Creating Custom Operating System Images

What is an Operating System ID (OSID) versus an Image ID?

In order to make the best use of custom operating system images, it is important to understand the difference between these two concepts.

  • An Image ID is a descriptor for a disk image. This can be an image of an entire disk, a partition of a disk, or a set of partitions of a disk. By supporting multiple partitions, we can technically support different operating systems within the same disk image. These are referred to as combo images. The Image ID points to a real file that is stored in the directory /proj/YourProjectName/images. Other critical information is associated with the Image ID, such as what node types are supported by the images and what operating systems are on each partition. You can view the Image IDs on the List ImageIDs page, which is in the Experimentation drop down menu on the testbed web interface.

  • An OSID describes an operating system which resides on a partition of a disk image. Every Image ID will have at least one OSID associated with it. In typical testbed usage, the Image ID and OSID will be the same since we usually do not put multiple operating systems on a single image. You can view the OSIDs on the List OSIDs page, which is in the Experimentation drop down menu on the testbed web interface.

Standard Testbed Images

We provide a number of supported testbed images here at DETERLab. These images can be viewed by looking at the Operating System ID list.

Most new operating system images that we support are whole disk images, which is different from the more traditional scheme of using partition 1 for FreeBSD and partition 2 for Linux. To view what nodes a particular operating system image runs on and what sort of partition scheme it uses, please refer to the Image ID list page.

The supported testbed images are listed on DETERLab (click on Experimentation from the top menu, then on Images).

Custom OS Images

If your set of operating system customizations cannot be easily contained within an RPM/TAR (or multiple RPM/TARs), then you can create your own custom OS image. DETERLab allows you to create your own disk images and load them on your experimental nodes automatically when your experiment is created or swapped in.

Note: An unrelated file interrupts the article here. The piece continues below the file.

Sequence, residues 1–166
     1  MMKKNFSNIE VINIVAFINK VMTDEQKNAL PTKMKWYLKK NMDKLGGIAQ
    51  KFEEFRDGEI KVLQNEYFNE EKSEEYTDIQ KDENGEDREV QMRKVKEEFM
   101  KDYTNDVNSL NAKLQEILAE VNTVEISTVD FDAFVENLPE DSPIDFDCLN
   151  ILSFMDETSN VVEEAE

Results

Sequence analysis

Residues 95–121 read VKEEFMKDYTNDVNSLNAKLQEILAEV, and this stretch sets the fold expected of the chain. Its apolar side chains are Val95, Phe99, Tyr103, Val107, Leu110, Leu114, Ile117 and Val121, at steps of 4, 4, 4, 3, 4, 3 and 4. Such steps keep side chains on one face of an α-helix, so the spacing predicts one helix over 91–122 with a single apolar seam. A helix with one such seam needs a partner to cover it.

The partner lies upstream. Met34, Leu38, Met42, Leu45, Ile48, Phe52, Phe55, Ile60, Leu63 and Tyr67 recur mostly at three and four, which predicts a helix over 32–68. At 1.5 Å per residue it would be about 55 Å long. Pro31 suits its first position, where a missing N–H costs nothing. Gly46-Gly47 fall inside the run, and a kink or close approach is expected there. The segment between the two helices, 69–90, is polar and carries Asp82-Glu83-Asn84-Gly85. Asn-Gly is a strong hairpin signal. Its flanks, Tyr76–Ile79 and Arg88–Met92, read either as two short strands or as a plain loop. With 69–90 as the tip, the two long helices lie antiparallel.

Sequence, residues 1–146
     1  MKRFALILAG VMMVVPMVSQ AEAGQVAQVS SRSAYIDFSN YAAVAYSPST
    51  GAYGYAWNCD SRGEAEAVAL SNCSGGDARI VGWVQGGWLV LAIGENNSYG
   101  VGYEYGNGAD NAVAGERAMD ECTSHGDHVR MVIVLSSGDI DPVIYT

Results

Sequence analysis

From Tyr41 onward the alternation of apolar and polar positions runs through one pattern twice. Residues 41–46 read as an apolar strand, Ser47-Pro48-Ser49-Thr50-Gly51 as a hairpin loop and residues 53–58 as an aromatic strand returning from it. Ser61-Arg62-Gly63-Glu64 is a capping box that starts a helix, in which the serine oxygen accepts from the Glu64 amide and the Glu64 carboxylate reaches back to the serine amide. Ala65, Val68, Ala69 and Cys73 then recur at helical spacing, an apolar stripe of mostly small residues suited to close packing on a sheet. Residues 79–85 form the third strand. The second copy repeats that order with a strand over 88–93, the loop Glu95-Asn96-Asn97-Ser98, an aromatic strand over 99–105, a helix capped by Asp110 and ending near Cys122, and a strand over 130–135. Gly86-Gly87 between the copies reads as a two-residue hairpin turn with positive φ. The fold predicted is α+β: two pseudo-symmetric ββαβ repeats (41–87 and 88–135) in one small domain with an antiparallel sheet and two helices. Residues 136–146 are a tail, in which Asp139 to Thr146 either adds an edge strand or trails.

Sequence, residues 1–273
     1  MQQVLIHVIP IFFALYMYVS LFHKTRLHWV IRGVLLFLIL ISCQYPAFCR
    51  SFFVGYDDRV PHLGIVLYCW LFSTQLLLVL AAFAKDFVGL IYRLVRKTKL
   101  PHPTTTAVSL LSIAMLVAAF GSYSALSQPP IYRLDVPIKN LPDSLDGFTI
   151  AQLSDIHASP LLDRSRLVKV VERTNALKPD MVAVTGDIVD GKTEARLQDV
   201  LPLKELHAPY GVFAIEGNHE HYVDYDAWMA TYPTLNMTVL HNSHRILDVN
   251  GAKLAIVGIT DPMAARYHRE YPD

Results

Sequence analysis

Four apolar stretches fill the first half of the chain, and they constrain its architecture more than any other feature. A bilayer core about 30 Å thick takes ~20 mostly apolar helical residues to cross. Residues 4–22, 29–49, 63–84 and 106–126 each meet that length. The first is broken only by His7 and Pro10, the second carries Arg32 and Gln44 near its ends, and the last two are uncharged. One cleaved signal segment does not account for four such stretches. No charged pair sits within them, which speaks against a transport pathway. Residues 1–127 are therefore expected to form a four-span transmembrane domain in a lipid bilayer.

Once you have created a custom disk image (and the associated ImageID/OSID descriptor for it, you can use that OSID in your NS file. When your experiment is swapped in, the testbed system will arrange for your disks to be loaded in parallel using a locally written multicast disk loading protocol.


Experience has shown that it is much faster to load a disk image on 10 nodes at once, then it is to load a bunch of RPMS or tarballs on each node as it boots. So while it may seem like overkill to create your own disk image, we can assure you it is not.

The most common approach is to use the New Image Descriptor form to create a disk image that contains a customized version of a standard Linux or the FreeBSD image. All you need to do is enter the node name in the form, and the testbed system will create the image for you automatically, notifying you via email when it is finished. You can then use that image in subsequent experiments by specifying the descriptor name in your NS file with the tb-set-node-os command. When the experiment is configured, the proper image will be loaded on each node automatically by the system.

Creating Your Custom Image

A typical approach to creating your own disk image is using one of the default images as a base or template. To do this:

  1. Create a single-node Linux or FreeBSD experiment. In your NS file, use the appropriate tb-set-node-os command, as in the following example:

    tb-set-node-os $nodeA FBSD-STD
    tb-set-node-os $nodeA Ubuntu-STD
  2. After your experiment has swapped in (you have received the email saying it is running), log into the node and load all of the software packages that you wish to load. If you want to install the latest version of the Linux kernel on one of our standard disk images, or on your own custom Linux image, be sure to arrange for any programs that need to be started at boot time. It is a good idea to reboot the node and make sure that everything is running as expected when it comes up.